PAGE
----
On Sunday Afternoon, that is the 30 th, I was sitting in my front lounge and noticed there seemed to be an inordinately┬álarge amount of traffic driving up and to a lesser extent down our road. The road itself stands off the main route into town so traffic generally passes by. It makes our road quiet and peaceful most of the time and the only noises we hear are those of exceptionally noisy vehicles or emergency vehicles driving along the main road some 120 metres away. Being a curious person by nature I took a stroll down to the road because I could see some traffic cones across the junction. There was a police officer sitting in his car and I asked him why the main road was cordoned off. He told me that a sink hole had appeared in the road some 150 metres ahead and that a vehicle had driven into it! He was waiting for the local authority’s workforce to arrive and take over the situation. In Southport we do have a problem with sink holes but generally they have usually appeared south from where I live, again on the main route into town. Perhaps it is the amount of traffic which triggers sink holes developing but I do know there are a couple of underground rivulets in the area. One of the main ones has been long since named ‘The River Nile’ and it can be seen on the beach if you know where to look. Much of the coast along here in West Lancashire is sand though most of it is fortunately stable. As I write this on the Monday I have no idea how long the repair work will take and how long therefore we shall have to endure the unusual heavy traffic. Many years ago when I lived in Liverpool we lived on a main trunk road into the city, actually not far, about a half-mile from the famous ‘Lime Street’. There is a folk song about a woman called Maggie Mae, a prostitute who reportedly ‘walked along’ (solicited) there.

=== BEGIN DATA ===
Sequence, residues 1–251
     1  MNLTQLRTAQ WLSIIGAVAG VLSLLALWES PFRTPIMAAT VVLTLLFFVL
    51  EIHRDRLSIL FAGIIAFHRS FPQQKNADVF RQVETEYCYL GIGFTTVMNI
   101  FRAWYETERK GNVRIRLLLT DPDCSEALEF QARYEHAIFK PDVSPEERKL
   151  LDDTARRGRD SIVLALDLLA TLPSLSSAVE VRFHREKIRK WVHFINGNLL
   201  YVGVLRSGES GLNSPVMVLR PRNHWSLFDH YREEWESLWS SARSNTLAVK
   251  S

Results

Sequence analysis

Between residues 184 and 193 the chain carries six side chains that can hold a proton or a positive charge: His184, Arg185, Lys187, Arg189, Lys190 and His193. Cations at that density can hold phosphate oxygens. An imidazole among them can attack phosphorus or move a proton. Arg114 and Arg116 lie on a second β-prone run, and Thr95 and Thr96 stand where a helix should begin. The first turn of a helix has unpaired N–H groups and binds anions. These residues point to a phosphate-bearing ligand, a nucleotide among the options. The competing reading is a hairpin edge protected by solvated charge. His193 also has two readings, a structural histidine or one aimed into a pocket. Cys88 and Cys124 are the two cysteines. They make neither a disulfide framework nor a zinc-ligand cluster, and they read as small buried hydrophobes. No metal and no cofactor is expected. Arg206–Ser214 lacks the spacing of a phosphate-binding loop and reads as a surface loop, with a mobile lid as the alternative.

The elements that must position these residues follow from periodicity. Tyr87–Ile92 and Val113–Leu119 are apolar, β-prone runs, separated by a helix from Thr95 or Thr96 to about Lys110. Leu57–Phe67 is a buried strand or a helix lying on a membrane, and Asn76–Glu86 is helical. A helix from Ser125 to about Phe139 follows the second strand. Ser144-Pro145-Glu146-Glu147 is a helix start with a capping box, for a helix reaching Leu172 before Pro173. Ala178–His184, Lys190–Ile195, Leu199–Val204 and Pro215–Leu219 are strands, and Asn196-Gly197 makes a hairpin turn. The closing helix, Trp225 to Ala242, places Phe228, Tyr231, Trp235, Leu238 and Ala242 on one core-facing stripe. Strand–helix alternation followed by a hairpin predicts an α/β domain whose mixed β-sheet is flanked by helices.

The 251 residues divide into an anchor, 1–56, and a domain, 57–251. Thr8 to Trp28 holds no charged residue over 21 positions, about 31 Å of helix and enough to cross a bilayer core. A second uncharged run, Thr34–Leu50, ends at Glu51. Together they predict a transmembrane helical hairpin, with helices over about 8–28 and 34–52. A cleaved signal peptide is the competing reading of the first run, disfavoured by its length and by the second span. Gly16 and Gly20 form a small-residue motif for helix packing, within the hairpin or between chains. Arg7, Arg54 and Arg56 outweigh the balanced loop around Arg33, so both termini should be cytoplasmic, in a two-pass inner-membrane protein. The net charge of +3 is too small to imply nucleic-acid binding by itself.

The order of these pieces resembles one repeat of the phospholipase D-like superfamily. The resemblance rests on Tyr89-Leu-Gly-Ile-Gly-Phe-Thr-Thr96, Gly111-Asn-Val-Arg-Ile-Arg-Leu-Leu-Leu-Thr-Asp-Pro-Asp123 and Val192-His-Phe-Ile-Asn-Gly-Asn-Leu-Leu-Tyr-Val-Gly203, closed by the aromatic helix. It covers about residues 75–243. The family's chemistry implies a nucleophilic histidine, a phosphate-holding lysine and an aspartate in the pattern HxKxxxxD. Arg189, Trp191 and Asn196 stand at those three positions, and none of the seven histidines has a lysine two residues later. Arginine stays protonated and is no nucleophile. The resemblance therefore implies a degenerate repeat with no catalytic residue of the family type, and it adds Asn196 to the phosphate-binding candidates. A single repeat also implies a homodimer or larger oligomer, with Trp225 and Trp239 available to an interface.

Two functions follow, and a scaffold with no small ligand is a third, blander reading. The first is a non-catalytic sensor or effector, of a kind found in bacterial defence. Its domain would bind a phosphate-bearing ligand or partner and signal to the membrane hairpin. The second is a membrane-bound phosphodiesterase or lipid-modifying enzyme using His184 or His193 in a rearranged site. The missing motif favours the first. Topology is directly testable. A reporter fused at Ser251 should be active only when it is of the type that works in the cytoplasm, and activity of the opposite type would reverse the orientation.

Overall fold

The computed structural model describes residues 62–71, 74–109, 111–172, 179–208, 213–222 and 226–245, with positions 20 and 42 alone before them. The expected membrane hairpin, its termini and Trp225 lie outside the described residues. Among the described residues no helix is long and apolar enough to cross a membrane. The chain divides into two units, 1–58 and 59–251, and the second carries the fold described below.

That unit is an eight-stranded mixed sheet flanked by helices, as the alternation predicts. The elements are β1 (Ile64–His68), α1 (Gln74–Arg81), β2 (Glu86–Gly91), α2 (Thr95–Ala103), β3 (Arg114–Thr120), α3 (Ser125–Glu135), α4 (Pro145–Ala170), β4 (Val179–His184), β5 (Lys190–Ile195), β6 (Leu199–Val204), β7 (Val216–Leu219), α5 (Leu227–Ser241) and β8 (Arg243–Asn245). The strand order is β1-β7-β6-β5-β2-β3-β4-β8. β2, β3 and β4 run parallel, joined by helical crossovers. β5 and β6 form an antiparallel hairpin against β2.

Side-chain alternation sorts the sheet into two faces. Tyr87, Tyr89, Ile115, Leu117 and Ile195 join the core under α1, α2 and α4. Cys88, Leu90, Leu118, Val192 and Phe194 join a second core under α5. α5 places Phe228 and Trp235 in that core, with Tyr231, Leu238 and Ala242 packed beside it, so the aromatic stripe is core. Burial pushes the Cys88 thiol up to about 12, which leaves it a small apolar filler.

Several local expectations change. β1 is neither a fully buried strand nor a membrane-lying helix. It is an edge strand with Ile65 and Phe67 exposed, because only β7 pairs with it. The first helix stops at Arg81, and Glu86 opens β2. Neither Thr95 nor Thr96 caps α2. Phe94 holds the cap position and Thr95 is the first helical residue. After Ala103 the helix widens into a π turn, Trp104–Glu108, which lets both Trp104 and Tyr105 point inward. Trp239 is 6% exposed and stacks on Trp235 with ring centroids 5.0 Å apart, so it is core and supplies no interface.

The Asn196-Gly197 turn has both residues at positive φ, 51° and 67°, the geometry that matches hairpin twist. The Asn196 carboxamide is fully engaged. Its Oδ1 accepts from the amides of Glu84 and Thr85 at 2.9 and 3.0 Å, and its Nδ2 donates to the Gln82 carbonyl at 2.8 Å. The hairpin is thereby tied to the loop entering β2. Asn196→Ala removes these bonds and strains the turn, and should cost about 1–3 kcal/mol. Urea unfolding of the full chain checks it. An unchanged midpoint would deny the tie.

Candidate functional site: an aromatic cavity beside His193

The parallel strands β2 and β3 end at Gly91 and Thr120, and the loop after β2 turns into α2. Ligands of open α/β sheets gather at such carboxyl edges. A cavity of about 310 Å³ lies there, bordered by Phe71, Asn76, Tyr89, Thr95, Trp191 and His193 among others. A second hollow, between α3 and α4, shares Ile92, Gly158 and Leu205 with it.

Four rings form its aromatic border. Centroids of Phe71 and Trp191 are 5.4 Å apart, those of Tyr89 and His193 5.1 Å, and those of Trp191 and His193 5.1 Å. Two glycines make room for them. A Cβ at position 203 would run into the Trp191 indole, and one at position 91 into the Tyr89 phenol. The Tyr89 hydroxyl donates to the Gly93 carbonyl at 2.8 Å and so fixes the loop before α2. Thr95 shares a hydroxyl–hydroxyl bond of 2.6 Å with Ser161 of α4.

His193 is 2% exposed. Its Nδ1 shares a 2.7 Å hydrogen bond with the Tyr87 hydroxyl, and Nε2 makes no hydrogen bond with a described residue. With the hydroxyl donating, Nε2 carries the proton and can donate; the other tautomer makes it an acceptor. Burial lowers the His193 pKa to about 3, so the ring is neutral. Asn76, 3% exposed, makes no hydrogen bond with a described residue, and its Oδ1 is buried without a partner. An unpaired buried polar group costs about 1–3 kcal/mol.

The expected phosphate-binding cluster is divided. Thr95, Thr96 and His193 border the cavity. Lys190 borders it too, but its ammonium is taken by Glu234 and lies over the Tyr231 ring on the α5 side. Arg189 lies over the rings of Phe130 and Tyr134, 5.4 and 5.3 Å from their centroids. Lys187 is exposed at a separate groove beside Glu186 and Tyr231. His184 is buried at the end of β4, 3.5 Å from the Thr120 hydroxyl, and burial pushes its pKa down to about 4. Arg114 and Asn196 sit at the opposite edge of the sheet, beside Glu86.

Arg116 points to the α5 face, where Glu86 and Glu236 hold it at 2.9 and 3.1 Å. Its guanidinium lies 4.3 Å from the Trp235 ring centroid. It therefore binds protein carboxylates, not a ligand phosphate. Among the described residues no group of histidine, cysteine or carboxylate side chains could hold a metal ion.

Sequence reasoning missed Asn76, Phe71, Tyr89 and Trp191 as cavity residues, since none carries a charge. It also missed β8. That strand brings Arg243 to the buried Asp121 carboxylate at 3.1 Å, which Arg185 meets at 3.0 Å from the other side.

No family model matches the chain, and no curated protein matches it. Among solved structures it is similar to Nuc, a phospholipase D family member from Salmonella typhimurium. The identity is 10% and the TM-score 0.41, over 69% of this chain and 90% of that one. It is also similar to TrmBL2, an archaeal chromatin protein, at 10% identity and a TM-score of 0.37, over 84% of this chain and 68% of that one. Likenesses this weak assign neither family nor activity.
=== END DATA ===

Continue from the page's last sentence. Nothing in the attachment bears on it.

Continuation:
Maggie Mae
As with most folk songs, the lyrics exist in many variant forms. The song specifies several real streets in Liverpool, notably Lime Street in the centre of the city. The Beatles’ version by John Lennon / Paul McCartney / George Harrison / Richard Starkey is as follows:

Oh dirty Maggie Mae they have taken her away
And she never walk down Lime Street any more
Oh the judge he guilty found her
For robbing a homeward bounder
That dirty no good robbin’ Maggie Mae
To the port of Liverpool
They returned me to
Two pounds ten a week, that was my pay.

In the most established version, it is sung in the first person by a sailor who has come home to Liverpool from Sierra Leone. He is paid off for the trip. With his wages in his pocket, he sees Maggie “cruising up and down old Canning Place”. She had “a figure so divine” (either “like a frigate of the line” or with “a voice so refined”). He picks her up and she takes him home to her lodgings. When he awakes the following morning, she has taken all his money and even his clothes, insisting that they are in “Kelly’s locker”, a pawn shop. When he fails to find his clothes in the pawn shop, he contacts the police. She is found guilty of theft and sentenced to transportation to Botany Bay.

While the most famous version of the chorus contains the line “she’ll never walk down Lime Street any more”, Stan Hugill in his Shanties from the Seven Seas writes that in different versions several streets are named, referring to different historical red light areas of Liverpool, including Paradise Street, Peter Street and Park Lane

The Liverpool Sailors’ Home in Canning Place, c. 1860. The sailor is “paid off at the Home” and meets Maggie “cruising up and down” the square. In one version of the lyrics she is wearing a “crin-o-line”, the bell-shaped dress worn by the woman in the foreground.

In those days they didn’t have the traffic we have today, not even the relatively small amount going up and down our road just now!

Shirley Anne